DID YOU KNOW that the black rhino is critically endangered despite its ability to go without water for 4 days?
This publication summarizes the GEF investments on ABS and the opportunities in support of the implementation of the Nagoya Protocol.
DID YOU KNOW of all environmental ills, biodiversity loss is the only one likely to be irreversible?
About the World Conservation Congress
The IUCN World Conservation Congress is the world’s largest and most important conservation event. Held every four years, it aims to improve how we manage our natural environment for human, social and economic development.
DID YOU KNOW ... Damara tern(Sterna balaenarum) has become an icon of conservation of species on the Namibian coastline and in Namibia as a whole?
Find out more details below!
DID YOU KNOW ... traditional indigenous territories are estimated to cover around 24% of the world's land surface and contain 80% of the earth's remaining healthy ecosystems?
Indigenous people are also responsible for the preservation and maintenance of traditional knowledge and practices that are highly relevant for the sustainable use of biodiversity. For this reason relevant GEF biodiversity projects respect their rights, interests and livelihoods.
Read more about GEF projects and indigenous people!
One more thing! GEF CEO Barbut spoke in Montpellier, France about indigenous people and their key role as keeper of traditional knowledge! Her speech is available here!
DID YOU KNOW ... 40% of the earth’s surface is comprised of ocean that no single nation has control over?
These areas beyond national jurisdiction contain 95% of the ocean’s volume! Managing fisheries and biodiversity conservation in these areas is difficult.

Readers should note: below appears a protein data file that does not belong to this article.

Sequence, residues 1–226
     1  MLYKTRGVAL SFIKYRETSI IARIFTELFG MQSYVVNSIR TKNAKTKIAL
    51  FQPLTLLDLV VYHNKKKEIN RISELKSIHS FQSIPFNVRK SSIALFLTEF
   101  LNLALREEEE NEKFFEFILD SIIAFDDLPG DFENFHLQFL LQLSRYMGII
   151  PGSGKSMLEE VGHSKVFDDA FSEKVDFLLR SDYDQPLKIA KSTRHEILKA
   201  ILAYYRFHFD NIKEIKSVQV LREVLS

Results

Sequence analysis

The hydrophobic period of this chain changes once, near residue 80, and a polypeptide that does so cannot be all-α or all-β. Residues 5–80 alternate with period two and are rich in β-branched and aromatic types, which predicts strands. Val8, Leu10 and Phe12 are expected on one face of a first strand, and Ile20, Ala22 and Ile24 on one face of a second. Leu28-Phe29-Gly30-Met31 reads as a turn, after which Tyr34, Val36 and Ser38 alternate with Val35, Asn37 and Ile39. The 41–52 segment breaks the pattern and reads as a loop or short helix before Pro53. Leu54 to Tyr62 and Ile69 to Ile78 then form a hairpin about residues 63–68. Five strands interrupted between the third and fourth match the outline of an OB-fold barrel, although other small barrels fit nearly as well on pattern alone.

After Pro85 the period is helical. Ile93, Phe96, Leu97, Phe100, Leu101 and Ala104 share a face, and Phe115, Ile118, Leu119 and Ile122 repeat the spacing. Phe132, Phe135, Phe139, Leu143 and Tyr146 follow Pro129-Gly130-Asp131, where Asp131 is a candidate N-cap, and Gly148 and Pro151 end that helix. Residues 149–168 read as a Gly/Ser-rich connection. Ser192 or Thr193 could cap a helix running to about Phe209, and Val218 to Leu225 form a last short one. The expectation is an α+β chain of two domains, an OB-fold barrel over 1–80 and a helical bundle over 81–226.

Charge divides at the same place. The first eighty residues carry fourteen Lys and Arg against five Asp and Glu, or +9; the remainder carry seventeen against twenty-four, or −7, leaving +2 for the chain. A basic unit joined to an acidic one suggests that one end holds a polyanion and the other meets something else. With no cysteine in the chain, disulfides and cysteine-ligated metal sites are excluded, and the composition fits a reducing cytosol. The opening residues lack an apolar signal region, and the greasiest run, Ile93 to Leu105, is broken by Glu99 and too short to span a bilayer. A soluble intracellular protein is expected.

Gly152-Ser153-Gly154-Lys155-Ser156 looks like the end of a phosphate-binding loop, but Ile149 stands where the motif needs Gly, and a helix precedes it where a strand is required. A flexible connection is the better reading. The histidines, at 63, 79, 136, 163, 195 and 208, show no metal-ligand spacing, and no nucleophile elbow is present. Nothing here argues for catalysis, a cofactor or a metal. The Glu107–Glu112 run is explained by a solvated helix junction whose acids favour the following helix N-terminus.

To tackle these challenges, GEF has provided $50 million in grants and co-financed $269.7 million to the Areas Beyong National Jurisdiction (ABNJ) Program. The program teaches sustainable fishing practices and provides links between fishing communities using the same body of water.
For further reading see:
DID YOU KNOW ... South Africa’s Cape Floristic Region represents less than 0.5% of Africa but contains almost 20% of its flora?
The region houses over 9,600 species of plants, and 70% of those are only found there. Sadly the Cape Floristic Region was added to the list of the world’s most threatened biodiversity hotspots in the 1990s because of increasing pressure from agriculture conversion, urban development, and over-exploitation of natural resources. From 2004-2010 GEF funded the Biodiversity Conservation and Sustainable Development Project to encourage conservation and sustainable use of threatened habitats and endemic species within the Cape Floristic Region’s ecosystem.
This book provides a succinct, readable, and engaging narrative and analysis of the 20 year history of GEF projects. While the Rio +20 conference provided the initial rationale for the book, it is intended to have lasting value for anyone interested in issues about the green economy in the context of sustainable development and poverty eradication, or about the institutional framework for sustainable development.